Life after Post Traumatic Stress Disorder
In 2018 I intend to take this blog in a different direction with additions to the wedding and portrait posts. After the feedback I received when I posted the little documentary story about my eldest daughters first day I’ve decided that a bit of variety here would not hurt, I have various skills behind the camera and I have spent over 18 years documenting a bride and grooms wedding day. Using those skills I am building a new area of commercial photography where I document ‘a day in the life’ of a business or owner. Starting my journey I spent time with my good friend John on Remembrance Day 2017. Here is his story, I hope you like it, leave your thoughts below
Founder of Wildway Bushcraft, John is ex-forces and as a result of his time in the field, suffers from Post Traumatic Stress Disorder. However, with the help of his service dog Hazel, who has been specially trained to make life with PTSD easier, John has been able to move on with his life and has started his very own company.
For many ex-forces men and women, like John, Post Traumatic Stress Disorder (PTSD) is a big part of their everyday lives. PTSD is an anxiety disorder that is brought on by stressful, frightening or distressing events, including being involved in military conflict.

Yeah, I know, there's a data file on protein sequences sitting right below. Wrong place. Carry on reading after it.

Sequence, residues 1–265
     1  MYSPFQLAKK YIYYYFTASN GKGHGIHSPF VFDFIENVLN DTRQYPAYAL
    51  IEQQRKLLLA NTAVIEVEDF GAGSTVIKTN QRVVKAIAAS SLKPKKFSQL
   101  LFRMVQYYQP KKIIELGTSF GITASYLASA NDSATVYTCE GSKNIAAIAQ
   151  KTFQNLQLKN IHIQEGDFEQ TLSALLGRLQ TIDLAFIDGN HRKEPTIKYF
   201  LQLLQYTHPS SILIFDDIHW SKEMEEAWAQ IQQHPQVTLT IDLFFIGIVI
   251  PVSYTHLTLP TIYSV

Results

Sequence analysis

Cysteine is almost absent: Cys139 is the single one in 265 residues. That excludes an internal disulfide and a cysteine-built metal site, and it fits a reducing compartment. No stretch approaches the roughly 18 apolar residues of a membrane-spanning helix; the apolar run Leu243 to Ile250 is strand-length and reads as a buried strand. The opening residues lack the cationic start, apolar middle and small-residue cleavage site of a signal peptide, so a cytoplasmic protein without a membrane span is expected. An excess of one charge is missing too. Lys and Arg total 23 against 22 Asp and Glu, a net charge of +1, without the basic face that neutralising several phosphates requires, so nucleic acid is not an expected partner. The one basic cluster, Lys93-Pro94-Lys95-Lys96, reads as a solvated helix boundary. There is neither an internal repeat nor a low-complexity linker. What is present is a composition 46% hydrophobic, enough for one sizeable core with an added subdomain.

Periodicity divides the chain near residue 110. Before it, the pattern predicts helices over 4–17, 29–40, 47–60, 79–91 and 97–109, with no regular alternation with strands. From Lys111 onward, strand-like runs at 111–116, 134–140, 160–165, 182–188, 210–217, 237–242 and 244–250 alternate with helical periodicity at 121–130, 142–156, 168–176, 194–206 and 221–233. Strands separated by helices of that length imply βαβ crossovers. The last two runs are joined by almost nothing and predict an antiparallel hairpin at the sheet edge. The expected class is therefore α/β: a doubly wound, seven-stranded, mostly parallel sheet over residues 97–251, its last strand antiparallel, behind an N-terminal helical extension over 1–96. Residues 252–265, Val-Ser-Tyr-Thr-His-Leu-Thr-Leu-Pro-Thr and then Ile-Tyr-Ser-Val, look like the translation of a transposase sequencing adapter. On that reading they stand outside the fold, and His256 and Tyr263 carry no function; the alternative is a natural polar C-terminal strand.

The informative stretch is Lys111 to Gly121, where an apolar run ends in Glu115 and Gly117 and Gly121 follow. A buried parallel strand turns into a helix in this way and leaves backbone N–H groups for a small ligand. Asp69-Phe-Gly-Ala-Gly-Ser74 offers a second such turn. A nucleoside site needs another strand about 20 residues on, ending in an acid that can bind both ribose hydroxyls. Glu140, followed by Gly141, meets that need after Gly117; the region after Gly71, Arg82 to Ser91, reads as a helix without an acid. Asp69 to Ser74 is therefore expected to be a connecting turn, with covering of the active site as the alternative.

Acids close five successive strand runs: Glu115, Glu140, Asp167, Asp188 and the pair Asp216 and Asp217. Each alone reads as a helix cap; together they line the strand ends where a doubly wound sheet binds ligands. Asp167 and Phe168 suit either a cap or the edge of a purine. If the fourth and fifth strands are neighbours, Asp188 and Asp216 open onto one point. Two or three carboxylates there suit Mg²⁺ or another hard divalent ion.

People living with PTSD, often relive the traumatic event through a series of very realistic nightmares and flashbacks. While for most people, traumatic events cause symptoms at the time, such as shaking, sweating, and feeling angry or anxious, known as an Acute Stress Reaction, for others these symptoms can linger and develop into PTSD.
Around one in three people who have experienced a traumatic event, will go on to develop symptoms of PTSD. These symptoms usually occur a few months after the event, although they can start earlier or much later, it differs depending on the person.
What is it like living with PTSD?
People living with PTSD often feel extremely isolated and depressed, and can often struggle to forge relationships. It can feel like the world is moving without them and they are unable to do
anything about it.
Living with PTSD is different for everyone, but the good news is that it can be treated. There are various treatment options available – it’s just a case of choosing an option that meets your needs. These treatments include watchful waiting – monitoring symptoms and keeping track of what symptoms occur and when, including what may trigger them – psychotherapy – a form of trauma-focused cognitive behavioural therapy, antidepressants, or pet therapy.
How can PTSD service dogs help?
Dogs have a habit of being able to bring out even the most isolated people, and because of this, by engaging with a dog, ex-forces personnel like John, are able to overcome the emotional numbness that comes with PTSD. Through working with a dog like Hazel, people living with PTSD are also able to develop new ways to express their feelings without getting angry or becoming paranoid.
For people with PTSD, having a dog like Hazel can help them to get into a routine, which can be hugely beneficial. One of the most effective methods of alleviating PTSD symptoms is getting out and about and exercising, which is something that a dog can help to motivate you to do, as dogs need plenty of exercise to remain healthy.